I love books of all kinds. But especially OLD books. I don't mean beautiful, pristine, don't they look lovely sitting on the shelf, old books (though those are nice, too) but worn, used, LOVED old books. Writing in the margins? Even better. What could be nicer than to see what some long-ago person thought about this passage or that paragraph? To me, this is the best part of an old book, the tingle of previous hands and minds that have enjoyed it before me. They are HISTORY in your hand. Oh, if only they could speak, what they could tell you about their previous owners and the times they lived in....
Obviously, Geraldine Brooks gets this about old books, because she has written a wonderful novel about exactly that idea. People of the Book is the tale of one book's journey (inspired by a true story).
In the spring of 1996, book conservator Hanna Heath is sent to Sarajevo to stabilize and conserve their museum's famous Haggadah, a Jewish prayer book traditionally used in family prayers. This particular Haggadah is special. It contains brilliantly executed illuminations that are extremely rare in early Jewish books. The book has been hidden away by the Muslim museum director during the recent war and its condition needs specialist care.
The real Sarajevo Haggadah
When she inspects the Haggadah, Hanna finds several clues that will help her to uncover some of the book's volatile history: an insect's wing, mounting marks for clasps which are missing, a stain that looks like wine, salt crystals and a single white hair.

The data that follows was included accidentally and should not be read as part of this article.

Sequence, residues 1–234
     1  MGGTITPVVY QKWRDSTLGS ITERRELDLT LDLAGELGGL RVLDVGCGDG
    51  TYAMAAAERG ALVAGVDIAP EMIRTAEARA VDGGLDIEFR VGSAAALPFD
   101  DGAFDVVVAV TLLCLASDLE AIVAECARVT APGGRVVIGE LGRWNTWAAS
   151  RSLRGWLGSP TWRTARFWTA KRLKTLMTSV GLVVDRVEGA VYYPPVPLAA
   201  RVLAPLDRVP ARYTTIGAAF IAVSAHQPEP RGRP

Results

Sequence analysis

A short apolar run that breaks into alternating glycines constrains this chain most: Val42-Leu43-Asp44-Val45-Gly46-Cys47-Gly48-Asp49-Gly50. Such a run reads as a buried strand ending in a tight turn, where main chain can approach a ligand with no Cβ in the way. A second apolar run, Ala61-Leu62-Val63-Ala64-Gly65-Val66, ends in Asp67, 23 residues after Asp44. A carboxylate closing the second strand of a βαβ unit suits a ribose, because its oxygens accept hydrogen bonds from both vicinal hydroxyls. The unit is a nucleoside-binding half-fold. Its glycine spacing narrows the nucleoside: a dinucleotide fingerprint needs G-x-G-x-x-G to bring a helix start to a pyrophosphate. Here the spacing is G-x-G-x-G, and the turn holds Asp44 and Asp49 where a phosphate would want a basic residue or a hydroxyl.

"It was as if I was up against some genie who lived within the pages of old books. Sometimes, if you were lucky, you got to release him for an instant or two, and he would reward you with a misty glimpse into the past. Other times, pouf-he'd blow it all away before you could make sense of it, and stand there, arms crossed: Thus far, and no farther."
Behind each of these clues there lies a story, a piece of the history of the book and these short tales are woven into Hanna's search and her own personal journey.
Considering the tumultuous eras that this book has survived, its existence today is something of a miracle and a testament to the myriad people who came in contact with it. People who, whatever their religion, had the respect and strength of character to preserve something precious.
In People of the Book Geraldine Brooks has given us a peek into what the Sarajevo Haggadah's history might have been like. I loved this excellent and beautifully written story. It was hard to put down and I recommend it to anyone who is interested in well-written historical fiction, contemporary fiction or mysteries.
FYI: The film rights have been acquired by Catherine Zeta Jones. You can find more information on Geraldine Brooks and all of her novels at her website.
Here are some reviews from fellow bloggers: